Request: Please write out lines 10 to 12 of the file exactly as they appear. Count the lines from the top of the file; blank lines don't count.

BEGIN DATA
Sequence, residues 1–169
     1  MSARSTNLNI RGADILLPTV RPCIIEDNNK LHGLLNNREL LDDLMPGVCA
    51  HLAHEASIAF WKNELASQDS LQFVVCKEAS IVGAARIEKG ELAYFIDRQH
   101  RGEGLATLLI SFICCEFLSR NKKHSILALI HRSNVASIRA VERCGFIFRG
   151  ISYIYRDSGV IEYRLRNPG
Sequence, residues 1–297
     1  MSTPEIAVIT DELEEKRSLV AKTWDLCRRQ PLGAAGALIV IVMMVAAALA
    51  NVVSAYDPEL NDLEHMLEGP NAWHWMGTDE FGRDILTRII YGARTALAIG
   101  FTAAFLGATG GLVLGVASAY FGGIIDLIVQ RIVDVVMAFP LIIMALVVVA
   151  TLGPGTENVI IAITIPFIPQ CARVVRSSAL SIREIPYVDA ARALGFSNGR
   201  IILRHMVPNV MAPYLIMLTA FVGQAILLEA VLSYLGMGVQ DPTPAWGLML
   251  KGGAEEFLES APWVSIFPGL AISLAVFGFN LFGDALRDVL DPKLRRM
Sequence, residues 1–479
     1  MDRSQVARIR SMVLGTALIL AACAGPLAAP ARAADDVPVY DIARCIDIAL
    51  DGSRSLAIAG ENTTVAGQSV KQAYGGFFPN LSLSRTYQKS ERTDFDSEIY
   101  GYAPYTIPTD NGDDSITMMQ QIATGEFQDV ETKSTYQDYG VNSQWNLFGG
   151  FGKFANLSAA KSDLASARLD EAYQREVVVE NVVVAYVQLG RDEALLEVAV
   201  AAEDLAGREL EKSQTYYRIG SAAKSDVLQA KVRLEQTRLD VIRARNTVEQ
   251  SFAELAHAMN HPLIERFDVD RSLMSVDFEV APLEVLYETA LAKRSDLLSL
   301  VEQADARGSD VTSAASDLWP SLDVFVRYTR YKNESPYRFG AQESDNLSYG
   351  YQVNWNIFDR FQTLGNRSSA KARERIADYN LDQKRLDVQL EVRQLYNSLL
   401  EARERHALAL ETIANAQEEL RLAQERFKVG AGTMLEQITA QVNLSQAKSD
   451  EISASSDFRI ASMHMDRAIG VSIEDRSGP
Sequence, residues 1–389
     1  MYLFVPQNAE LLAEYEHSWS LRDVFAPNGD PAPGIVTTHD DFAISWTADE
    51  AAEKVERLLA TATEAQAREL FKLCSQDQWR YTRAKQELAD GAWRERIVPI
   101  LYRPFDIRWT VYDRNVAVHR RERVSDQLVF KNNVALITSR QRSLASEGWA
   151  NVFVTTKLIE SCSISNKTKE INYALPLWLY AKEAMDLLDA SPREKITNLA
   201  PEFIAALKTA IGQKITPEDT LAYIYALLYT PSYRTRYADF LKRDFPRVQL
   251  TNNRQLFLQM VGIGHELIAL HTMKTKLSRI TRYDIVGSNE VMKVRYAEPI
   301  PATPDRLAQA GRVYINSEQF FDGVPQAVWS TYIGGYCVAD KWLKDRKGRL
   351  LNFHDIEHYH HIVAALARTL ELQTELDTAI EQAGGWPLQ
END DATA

   151  TLGPGTENVI IAITIPFIPQ CARVVRSSAL SIREIPYVDA ARALGFSNGR
   201  IILRHMVPNV MAPYLIMLTA FVGQAILLEA VLSYLGMGVQ DPTPAWGLML
   251  KGGAEEFLES APWVSIFPGL AISLAVFGFN LFGDALRDVL DPKLRRM